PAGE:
[STACI WEST] We had conversations with different businesses and industries, including the wine industry here. And in the end, we worked with a high end Hotel in Richland, called the lodge. They're right on the Columbia River Marina. And they were on they had with with indoor dining at the time at the 25% capacity, they had begun using other parts of the facility for their restaurant. And so there was quite a bit of space that we could put the trees and so it just so happens their general manager Wendy Higgins had been involved for years with a festival of trees, when she lived in seaside Oregon. And so she was thrilled to to host us if you will. And so for about 10 days before our virtual event, we had the 10 trees set up in the lodge in their lobby, and upstairs in some spaces. And because hotels are open, people could come in and look at the look at the trees. And so it was great. We had raffle tickets for sale for our golden ticket tree. And people could come purchase a raffle ticket, our volunteers were there kind of selling the tickets. But then our sponsor still got some recognition and visibility in that way. And so it was very popular. And in fact, the tree sponsors loved it. And other people who had attended, enjoyed it. And so that is something we're going to bring back this year.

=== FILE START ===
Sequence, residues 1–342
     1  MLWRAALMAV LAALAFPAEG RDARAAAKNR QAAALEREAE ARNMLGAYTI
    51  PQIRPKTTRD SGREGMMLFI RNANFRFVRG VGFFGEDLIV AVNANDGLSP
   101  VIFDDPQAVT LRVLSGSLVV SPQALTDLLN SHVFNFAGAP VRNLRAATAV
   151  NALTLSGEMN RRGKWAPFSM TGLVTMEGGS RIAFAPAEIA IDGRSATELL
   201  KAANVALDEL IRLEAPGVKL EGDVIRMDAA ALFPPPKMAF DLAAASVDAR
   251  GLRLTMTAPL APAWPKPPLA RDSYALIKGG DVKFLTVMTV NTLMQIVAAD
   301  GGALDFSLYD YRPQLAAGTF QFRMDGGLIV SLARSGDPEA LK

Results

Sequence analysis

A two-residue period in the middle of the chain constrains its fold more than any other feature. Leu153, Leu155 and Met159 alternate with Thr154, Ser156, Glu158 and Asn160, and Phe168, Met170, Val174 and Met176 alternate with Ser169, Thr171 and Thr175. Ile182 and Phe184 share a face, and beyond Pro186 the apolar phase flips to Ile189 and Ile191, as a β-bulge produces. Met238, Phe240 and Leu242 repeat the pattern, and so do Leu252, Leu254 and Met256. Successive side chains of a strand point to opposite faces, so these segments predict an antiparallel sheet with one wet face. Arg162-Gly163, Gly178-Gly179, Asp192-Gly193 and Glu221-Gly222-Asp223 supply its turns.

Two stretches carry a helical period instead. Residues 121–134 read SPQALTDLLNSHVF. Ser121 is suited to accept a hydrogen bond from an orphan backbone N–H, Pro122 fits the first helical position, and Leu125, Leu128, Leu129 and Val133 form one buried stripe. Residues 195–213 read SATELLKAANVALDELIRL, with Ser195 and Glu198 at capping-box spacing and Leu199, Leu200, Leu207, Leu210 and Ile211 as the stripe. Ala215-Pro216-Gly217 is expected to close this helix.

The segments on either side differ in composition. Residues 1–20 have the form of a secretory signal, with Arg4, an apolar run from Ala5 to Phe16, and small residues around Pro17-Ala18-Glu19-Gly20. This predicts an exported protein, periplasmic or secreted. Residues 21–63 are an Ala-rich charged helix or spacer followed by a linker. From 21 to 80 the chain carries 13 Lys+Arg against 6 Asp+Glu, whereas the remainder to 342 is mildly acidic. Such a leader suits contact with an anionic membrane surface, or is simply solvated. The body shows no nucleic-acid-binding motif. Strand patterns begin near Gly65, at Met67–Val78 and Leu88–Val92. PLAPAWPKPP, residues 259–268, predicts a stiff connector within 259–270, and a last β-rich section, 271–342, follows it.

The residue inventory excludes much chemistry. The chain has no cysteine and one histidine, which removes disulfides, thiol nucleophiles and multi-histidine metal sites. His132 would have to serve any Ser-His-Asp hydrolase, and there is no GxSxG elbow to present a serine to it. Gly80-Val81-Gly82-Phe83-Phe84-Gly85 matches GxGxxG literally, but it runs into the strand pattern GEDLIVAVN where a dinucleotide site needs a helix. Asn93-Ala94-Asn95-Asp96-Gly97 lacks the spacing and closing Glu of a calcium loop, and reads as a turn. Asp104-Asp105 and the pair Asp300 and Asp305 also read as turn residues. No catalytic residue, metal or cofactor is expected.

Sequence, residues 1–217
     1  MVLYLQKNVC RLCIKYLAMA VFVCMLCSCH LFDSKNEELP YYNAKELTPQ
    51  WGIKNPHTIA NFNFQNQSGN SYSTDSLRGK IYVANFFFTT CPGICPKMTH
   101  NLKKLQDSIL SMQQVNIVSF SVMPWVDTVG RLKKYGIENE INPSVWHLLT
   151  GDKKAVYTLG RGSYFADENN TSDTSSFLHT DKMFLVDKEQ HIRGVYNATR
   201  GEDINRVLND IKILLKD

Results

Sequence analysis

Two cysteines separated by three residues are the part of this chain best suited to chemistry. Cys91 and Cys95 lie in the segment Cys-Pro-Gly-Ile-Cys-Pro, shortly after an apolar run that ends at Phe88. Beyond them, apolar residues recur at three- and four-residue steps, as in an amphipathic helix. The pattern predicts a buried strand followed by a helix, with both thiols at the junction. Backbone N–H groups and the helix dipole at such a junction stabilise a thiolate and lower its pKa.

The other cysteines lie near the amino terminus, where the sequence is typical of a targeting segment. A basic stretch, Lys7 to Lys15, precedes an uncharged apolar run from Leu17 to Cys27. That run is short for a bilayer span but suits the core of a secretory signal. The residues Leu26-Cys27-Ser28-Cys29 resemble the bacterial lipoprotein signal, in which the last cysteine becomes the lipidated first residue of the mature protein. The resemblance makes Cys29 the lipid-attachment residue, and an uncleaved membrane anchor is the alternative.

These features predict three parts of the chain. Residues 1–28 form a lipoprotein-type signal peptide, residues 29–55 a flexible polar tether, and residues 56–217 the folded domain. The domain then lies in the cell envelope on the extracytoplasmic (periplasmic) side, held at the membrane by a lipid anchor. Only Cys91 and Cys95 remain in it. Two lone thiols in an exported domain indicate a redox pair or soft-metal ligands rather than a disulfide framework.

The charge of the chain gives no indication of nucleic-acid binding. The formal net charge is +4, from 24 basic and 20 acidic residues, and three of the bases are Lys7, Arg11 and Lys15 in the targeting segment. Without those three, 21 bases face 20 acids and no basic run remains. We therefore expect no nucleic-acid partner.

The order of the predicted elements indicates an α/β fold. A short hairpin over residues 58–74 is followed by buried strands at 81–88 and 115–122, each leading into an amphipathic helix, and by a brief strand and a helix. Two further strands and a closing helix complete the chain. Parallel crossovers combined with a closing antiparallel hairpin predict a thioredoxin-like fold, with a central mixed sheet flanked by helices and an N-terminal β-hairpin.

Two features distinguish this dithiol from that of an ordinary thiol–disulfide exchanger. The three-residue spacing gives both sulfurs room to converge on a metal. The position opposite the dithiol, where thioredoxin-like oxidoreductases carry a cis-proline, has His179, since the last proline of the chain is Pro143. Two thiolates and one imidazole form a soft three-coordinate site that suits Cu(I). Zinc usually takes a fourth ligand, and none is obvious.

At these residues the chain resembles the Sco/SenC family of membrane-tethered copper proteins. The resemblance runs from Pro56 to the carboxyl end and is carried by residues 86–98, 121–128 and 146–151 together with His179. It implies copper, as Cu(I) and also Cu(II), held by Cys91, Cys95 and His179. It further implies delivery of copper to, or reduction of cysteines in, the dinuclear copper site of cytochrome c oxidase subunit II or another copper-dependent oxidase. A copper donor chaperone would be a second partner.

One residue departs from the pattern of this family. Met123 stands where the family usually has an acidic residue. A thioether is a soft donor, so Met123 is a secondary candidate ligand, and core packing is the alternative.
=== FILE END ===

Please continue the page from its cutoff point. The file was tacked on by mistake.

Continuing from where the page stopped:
And so this year, we'll probably we're we're planning on setting up the trees a weekend even earlier, and having, you know, kind of that tour of trees, if you will within the lodge in Richland. And so, that worked great because it didn't cost us anything. It was a single location people could go to and we didn't run into any large crowds. You know, people really just trickled in, you know, one family at a time.
[SAMI BEDELL-MULHERN] It seems like, so it seems like a great win win. So you what was that like? Cuz you mentioned volunteers, were there kind of with the raffle tickets and whatnot. So what was that like coordinating that piece of it?